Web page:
17 May 2009

Blaine Gibson – Capturing the Spirit

Cinderella Castle can be seen from just about everywhere within the Magic Kingdom. While it may be the most often photographed structure in the world, the Partners sculpture that adorns the Hub in front of the castle has gathered its own dedicated following in the years since its unveiling. The statue, which features Mickey and Walt Disney surveying the landscape, was originally created for and positioned at Disneyland in 1993 before being duplicated for the Florida property in June of 1995.

Designed and sculpted by Blaine Gibson, the Summer 1991 issue of Disney News featured an article on Blaine Gibson’s life and career, with a particular interest in his work with Partners. The article, Blaine Gibson – Capturing the Spirit, was written by Scott Elmore.

As you stand in the ‘hub’ of Disneyland – the circular park at the end of Main Street, U.S.A. – you can almost feel the presence of Walt Disney. Soon, you’ll actually be able to see him as well. Later this year, Disneyland will unveil a new tribute to its creator: a bronze statue of Walt Disney and Mickey Mouse standing hand-in-hand, gazing down Main Street. To create this memorial, Walt Disney Imagineering selected renowned sculptor – a man who had developed a close working relationship with Walt during the building of Disneyland – Blaine Gibson.

Gibson started his career at the Disney Studios in 1939 as an apprentice animation artist. Beginning as an “inbetweener” for the cartoon short “Bone Trouble,” he soon worked his way up to the feature animated films.

“Walt was very informal at the Studio, always walking the halls,” Gibson remembers, “I had talked with him many times, but I really didn’t know him until we started working on Disneyland. Walt had noticed the sculptures in my office, ones I had done in my home, and he asked me if I would come over and sculpt for the Park.”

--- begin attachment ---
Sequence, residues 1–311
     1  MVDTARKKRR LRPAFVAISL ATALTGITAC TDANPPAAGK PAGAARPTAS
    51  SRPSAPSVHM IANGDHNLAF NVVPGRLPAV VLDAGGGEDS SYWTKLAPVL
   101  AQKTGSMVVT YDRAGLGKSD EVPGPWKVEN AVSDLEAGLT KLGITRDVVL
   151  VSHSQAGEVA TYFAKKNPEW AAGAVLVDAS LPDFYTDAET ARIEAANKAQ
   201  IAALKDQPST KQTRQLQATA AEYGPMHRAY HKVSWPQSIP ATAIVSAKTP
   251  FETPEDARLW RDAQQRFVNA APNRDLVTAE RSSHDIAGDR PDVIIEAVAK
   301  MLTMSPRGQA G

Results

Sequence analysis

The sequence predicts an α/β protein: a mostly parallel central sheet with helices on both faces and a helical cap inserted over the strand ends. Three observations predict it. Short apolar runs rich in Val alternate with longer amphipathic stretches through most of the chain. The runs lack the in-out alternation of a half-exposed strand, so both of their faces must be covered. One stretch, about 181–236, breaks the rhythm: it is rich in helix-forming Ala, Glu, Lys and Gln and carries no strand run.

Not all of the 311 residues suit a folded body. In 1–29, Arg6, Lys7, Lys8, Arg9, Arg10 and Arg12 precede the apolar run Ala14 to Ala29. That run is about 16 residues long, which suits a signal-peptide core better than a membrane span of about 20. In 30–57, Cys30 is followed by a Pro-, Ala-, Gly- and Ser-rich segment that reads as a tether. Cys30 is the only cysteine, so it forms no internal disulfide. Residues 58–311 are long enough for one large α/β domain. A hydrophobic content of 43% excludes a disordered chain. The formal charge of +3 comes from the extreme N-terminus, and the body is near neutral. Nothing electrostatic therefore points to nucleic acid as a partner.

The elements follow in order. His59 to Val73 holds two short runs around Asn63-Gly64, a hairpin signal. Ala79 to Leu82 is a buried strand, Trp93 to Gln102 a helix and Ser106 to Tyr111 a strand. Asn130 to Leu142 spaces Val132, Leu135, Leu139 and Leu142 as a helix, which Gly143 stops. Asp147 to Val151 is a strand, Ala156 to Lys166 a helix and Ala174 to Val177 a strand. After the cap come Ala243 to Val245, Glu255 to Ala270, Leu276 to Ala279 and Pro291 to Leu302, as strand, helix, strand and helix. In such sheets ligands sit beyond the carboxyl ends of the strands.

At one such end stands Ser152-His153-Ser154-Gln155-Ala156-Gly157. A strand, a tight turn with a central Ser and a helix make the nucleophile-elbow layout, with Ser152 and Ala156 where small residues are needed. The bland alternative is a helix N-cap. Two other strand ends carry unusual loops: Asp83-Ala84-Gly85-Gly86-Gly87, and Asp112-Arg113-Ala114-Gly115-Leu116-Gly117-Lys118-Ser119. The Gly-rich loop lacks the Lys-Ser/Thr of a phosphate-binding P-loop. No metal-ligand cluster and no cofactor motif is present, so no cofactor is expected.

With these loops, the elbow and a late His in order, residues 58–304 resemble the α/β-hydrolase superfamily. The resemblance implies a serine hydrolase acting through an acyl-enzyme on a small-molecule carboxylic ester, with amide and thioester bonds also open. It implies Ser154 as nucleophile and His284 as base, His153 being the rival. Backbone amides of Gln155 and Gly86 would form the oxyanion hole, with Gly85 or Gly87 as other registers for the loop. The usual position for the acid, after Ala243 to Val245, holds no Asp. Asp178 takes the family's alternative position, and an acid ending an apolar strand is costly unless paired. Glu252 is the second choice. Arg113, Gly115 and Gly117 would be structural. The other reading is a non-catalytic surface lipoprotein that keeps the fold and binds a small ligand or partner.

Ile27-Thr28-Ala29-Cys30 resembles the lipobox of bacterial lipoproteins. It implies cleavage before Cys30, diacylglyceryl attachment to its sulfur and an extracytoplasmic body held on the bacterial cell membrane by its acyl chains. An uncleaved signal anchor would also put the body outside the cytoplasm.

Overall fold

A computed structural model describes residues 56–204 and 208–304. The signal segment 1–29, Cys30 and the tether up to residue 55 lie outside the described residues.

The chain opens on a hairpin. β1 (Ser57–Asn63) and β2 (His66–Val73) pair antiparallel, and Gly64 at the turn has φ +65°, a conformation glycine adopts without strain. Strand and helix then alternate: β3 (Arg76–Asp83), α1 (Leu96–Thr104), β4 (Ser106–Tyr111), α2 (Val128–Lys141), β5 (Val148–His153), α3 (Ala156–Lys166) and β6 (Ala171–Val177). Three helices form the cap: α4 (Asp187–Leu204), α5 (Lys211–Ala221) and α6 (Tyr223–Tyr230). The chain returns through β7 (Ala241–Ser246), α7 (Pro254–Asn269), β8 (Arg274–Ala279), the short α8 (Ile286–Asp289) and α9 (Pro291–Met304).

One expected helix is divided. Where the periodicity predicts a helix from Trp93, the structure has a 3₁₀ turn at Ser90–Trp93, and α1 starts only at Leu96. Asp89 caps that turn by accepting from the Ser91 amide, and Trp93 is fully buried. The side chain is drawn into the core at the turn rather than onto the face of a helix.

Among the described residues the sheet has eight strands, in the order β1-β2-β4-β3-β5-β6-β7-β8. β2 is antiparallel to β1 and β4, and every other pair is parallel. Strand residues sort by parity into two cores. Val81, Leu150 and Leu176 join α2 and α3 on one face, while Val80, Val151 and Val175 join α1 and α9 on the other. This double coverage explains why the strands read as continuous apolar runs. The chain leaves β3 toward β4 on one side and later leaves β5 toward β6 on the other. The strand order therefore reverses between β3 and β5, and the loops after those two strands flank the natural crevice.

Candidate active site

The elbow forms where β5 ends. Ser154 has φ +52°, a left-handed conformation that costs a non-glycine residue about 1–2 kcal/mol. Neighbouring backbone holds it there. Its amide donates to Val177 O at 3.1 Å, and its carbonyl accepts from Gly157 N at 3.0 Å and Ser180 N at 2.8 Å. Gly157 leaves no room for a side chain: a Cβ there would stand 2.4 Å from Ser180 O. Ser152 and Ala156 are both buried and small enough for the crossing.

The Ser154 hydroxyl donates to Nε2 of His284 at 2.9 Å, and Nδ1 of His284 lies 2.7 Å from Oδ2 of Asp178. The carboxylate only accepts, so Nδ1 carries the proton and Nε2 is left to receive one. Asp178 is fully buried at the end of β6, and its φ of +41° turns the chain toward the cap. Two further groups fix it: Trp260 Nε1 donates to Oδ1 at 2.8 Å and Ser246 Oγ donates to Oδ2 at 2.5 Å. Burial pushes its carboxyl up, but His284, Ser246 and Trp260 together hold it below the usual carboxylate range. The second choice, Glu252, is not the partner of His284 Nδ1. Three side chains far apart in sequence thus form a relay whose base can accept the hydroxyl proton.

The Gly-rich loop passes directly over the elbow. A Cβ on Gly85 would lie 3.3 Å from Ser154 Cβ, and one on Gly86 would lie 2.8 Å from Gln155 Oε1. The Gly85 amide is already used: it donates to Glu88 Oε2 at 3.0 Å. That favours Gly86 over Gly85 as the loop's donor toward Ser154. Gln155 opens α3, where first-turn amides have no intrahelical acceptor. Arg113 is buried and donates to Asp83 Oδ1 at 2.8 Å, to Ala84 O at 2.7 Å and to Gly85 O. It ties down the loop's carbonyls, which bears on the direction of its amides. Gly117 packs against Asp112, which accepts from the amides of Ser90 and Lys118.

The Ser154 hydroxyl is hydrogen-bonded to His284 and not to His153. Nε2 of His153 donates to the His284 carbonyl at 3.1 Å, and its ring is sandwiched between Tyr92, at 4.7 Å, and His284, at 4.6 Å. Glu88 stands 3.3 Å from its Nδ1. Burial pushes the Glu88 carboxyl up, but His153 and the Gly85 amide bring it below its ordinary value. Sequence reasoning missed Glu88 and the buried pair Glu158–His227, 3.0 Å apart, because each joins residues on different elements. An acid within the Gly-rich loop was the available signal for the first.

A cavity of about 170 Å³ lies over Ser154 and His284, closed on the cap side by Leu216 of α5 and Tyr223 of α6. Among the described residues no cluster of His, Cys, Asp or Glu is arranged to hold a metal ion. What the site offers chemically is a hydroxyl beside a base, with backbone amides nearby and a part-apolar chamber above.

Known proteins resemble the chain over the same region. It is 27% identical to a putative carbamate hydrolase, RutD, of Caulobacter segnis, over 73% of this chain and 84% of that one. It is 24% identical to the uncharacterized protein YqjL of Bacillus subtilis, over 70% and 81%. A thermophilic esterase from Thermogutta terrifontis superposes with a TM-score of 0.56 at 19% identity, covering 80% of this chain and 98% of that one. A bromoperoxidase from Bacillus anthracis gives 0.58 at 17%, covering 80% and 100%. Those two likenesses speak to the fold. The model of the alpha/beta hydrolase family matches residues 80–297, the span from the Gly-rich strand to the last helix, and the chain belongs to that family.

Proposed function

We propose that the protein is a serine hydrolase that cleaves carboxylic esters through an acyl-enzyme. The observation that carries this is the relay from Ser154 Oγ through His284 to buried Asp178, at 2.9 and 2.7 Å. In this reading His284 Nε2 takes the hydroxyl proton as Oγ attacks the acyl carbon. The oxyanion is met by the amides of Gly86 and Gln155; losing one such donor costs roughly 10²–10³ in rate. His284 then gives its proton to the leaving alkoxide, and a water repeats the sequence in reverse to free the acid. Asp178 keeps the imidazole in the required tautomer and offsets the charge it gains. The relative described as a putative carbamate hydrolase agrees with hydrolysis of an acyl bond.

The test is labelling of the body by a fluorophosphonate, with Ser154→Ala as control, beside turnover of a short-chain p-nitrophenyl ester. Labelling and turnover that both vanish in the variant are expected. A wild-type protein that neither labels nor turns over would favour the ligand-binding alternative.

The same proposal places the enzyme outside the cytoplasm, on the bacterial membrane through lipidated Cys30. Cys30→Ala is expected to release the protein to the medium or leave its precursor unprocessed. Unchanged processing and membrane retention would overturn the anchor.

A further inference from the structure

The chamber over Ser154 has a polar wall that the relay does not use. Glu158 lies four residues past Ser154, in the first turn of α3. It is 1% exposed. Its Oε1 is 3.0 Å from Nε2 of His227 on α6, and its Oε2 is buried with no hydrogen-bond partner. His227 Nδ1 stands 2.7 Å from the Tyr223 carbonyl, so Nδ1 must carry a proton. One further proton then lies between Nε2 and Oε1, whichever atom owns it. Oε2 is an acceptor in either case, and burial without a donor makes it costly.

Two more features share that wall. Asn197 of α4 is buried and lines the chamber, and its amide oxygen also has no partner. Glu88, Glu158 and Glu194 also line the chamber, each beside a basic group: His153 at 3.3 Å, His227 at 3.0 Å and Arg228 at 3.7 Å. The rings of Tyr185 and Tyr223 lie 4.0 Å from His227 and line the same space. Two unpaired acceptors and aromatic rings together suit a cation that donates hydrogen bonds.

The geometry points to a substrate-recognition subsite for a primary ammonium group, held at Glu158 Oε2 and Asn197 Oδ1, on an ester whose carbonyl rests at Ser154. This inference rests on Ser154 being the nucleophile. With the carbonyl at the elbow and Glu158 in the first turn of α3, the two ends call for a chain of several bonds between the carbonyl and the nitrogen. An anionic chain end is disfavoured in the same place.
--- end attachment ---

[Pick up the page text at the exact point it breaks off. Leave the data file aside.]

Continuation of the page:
Gibson’s first sculptures for Disneyland included Indian chiefs and mermaids. Soon he found himself working on pirates and presidents.

“I had a chair in my studio at Imagineering,” he recalls, “and Walt used to come in all the time, sit down, and say, ‘What are you up to, Blaine?’ He was always interested in everything we did.

“That’s what impressed the most about him, his enthusiasm,” Gibson says. “For instance, when we were working on the bathing elephants scene for the Jungle Cruise, he acted out the part of the elephant up on the shore. Walt climbed up on a chair and even scooted his pants down a little to get that baggy elephant skin effect,” Gibson chuckles.

Blaine Gibson retired from Walt Disney Imagineering in 1983 and moved to Sedona, Arizona with his wife, Coral. However, he still does projects for Disney now and again, such as the statue of Walt and Mickey for Disneyland.

“I chose to depict Walt as he was in 1954,” he explains. “I think that was when Walt was in his prime. It was tough trying to match the media image of Walt Disney, the one the public knows, to the real Walt, the one we knew.

“I don’t like to leave a sculpture until it has a feeling of life,” he continues. “I had done a bust of Walt in terra cotta while he was alive, but it wasn’t right. I hope this time I’ve captured that magical spirit of his.”

The statue will be larger than life, to match Walt’s image, coming in at six feet, five inches. The base will be designed so that it will be easy for guests to get in close for their pictures. Facing towards Main Street, the bronze image will have the perfect backdrop – Sleeping Beauty Castle.

When asked what expression he was trying to achieve in Walt’s face, Blaine Gibson replied, “I think Walt is admiring the Park and saying, ‘Mickey, look what we’ve done.’”

1 comment:

Princess Fee said...

I love reading about Blaine Gibson - on my most recent Keys to the Kingdom tour, the tour guide really tried to get us to appreciate Blaine Gibson. She thought he was one of the most under-rated Imagineers. It's lovely to hear a bit more about him, so that we can truly appreciate his talent!